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You know the drill: Set it to high resolution, make it full screen, and turn your volume up.
He shot that in the summer of 2016 over the course of about 36 days, and took—get this—85,000 frames. A lot of it was shot in 8k, and I can only imagine what this must look like in full resolution.
To create a summer monsoon, first sunlight warms the land. Then the air above it gets warmed so it rises and expands, turning into a low pressure system. Moisture-laden air from the oceans sweeps in, lifts up, condenses, and storms form.
But that hardly describes the intensity and fierce beauty seen in Olbinski’s video. I was particularly impressed with the haboobs—the walls of dust blown outward from below the storm. These form when there’s a big downdraft from the storm cloud (like a microburst, when falling rain evaporates and cools the air around it, which gets denser and falls rapidly; when it hits the ground, it spreads outward like an enormous splash and can be incredibly powerful. This picks up sand and dust, blasting it outward. The size and scale of a haboob can be enormous. I’ve never seen one in person, but then, I’d maybe rather not anyway. Yikes.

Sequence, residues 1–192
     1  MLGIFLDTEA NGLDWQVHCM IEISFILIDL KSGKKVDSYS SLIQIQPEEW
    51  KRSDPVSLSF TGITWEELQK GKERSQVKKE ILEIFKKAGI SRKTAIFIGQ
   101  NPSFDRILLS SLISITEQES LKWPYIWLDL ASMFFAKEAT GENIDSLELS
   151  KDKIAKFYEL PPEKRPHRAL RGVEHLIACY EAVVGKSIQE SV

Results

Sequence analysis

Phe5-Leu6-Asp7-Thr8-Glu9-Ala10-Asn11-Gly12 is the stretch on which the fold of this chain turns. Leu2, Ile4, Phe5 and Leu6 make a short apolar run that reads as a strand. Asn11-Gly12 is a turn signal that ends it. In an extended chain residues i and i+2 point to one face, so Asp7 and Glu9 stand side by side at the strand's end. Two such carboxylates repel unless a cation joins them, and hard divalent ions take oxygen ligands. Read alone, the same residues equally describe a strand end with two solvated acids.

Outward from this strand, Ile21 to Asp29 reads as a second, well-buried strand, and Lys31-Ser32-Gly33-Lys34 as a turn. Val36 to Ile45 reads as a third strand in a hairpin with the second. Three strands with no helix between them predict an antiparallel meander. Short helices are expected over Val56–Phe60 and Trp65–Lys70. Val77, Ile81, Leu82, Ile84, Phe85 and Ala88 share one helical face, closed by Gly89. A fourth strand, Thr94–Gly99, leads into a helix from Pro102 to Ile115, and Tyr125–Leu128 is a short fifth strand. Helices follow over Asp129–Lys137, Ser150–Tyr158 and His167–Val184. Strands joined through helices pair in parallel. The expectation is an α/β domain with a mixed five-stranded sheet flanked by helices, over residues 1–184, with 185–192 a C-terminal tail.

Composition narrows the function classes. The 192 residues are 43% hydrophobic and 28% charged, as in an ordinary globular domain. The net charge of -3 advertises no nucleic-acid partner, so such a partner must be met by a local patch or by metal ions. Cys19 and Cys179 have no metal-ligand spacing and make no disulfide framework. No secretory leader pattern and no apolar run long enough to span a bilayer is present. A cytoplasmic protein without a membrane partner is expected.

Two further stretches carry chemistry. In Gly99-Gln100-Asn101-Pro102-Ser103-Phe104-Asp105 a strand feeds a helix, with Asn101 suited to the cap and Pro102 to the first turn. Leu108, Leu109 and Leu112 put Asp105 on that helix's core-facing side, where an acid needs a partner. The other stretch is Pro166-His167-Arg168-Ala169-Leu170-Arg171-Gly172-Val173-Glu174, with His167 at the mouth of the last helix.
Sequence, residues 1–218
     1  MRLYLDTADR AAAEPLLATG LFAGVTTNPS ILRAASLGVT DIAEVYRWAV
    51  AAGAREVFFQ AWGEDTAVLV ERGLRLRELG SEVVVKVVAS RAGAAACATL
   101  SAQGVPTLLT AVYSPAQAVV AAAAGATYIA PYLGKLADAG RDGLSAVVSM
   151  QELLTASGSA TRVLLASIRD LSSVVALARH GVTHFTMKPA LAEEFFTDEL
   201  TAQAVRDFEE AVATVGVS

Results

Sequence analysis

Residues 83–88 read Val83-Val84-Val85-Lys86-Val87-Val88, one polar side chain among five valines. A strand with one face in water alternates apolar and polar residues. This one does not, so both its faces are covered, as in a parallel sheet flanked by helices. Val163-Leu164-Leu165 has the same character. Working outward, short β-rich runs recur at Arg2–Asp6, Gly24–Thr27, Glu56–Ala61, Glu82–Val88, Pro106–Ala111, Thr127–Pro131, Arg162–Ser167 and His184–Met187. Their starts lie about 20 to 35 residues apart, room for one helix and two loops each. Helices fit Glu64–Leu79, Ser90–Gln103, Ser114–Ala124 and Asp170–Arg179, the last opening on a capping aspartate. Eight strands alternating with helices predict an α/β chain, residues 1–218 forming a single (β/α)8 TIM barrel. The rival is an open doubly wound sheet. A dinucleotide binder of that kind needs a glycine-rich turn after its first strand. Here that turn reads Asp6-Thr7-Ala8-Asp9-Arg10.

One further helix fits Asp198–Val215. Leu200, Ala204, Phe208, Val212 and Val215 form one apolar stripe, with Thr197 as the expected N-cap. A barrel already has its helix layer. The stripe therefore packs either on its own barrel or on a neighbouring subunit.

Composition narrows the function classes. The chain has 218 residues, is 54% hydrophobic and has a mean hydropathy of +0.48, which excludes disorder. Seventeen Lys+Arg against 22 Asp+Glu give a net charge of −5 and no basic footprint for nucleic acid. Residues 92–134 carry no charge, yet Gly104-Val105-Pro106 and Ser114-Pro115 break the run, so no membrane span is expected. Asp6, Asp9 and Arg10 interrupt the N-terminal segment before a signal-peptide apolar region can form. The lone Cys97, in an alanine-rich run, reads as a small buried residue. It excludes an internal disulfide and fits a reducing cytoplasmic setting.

It’s also amazing to see how focused the rainfall can be sometimes even when the cloud is sprawled out over a large area. The interaction of heat, air, and water produces unusual and unexpected results … at least, unexpected to me, a novice and amateur cloud watcher.
It’s also a strong reminder that the air around us is a fluid; literally, it can flow. Watching clouds and storms like these in person, the action is distant and slow. But in time-lapse videos, that motion can be seen, and the air itself looks and behaves exactly like the fluid it is.
And finally, I have to note how magnificent the music is. I love it when the video is edited to match the feel and cadence of the music, as Olbinksi did to Kerry Muzzey’s “Revenge / Revenge Epilogue.” It adds a depth that gives more than its share of power to the footage.